202. Memorandum From the Deputy Special Representative for Trade Negotiations (Pearce) to the Members of the Council on International Economic Policy1


  • Trade Bill: Issues for Senate Consideration

With the important exception of the Title IV—Jackson/Vanik language, the House of Representatives has passed what is on the whole, a very good trade bill.2 There are many issues that we sought to have resolved differently, but the general policy and tone of the bill is in line with the bill that we proposed.

We are planning our presentation of the trade bill to the Senate Finance Committee to support, at least at the outset, the House bill to the fullest extent possible. It is important to do this for a number of reasons. The Administration may not be present in the conference and we must rely on those members of Congress that have been working towards the same policy objectives that we favor. Moreover, the House bill is the result of a number of compromises in which we modified our original requests in order to avoid seriously detrimental Committee amendments. To seek reversal of some of these decisions in the Senate Finance Committee could lead to results in conference opposite to those desired. Another concern is that opening many issues in the Senate Finance Committee may encourage wholesale changes in the House version of the bill which could be very damaging. It could also delay the bill. While generally supporting the House bill, we will of course be receptive to constructive suggestions from the Senate.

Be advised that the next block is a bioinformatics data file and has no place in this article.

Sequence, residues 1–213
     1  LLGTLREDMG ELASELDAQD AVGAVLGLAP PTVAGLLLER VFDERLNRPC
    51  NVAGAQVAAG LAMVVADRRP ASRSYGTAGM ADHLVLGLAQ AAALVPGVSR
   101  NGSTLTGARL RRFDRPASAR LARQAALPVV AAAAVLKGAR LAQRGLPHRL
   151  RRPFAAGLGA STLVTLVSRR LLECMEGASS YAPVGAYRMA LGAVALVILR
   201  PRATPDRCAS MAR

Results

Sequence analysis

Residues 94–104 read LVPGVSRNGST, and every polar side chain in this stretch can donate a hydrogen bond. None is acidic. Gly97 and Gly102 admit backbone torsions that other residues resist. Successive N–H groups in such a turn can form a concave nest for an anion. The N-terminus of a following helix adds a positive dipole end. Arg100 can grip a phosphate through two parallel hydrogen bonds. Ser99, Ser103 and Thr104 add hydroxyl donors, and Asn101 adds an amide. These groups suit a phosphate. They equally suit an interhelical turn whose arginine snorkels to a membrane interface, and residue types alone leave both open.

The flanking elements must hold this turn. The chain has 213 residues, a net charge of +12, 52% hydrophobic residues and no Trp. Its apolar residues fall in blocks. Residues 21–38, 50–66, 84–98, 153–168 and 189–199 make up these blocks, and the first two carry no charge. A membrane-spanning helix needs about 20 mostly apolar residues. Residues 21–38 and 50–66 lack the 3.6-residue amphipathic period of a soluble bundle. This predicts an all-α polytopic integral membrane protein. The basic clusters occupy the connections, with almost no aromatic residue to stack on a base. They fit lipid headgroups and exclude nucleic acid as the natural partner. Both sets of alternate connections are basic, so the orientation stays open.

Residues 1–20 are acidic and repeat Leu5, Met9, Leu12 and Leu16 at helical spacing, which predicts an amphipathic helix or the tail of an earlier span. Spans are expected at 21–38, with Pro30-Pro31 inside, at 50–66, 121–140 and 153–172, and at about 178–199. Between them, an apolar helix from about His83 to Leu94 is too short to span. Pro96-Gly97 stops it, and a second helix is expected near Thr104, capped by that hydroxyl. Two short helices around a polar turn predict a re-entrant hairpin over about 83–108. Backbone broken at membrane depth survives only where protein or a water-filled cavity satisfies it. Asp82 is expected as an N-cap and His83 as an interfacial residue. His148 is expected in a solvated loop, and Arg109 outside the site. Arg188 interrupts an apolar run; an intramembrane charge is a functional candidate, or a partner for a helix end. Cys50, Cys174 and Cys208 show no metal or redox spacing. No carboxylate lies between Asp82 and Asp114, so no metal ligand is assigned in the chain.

For the reasons stated above, the changes that we consider must be made in the House bill should be kept to a strict minimum as listed [Page 730] in Tab A. A second list of issues (Tab B) contains those matters which should be raised, but not pressed if indications are that such effort would be counterproductive.3 This list includes issues which were not fully aired in Ways and Means. In addition to the items on these two lists, there are a number of changes of a technical nature (including modest substantive improvements) which can be raised in technical work with the Ways and Means Committee staff. Examples would include some time-limit problems and some clarifying provisions to resolve ambiguities.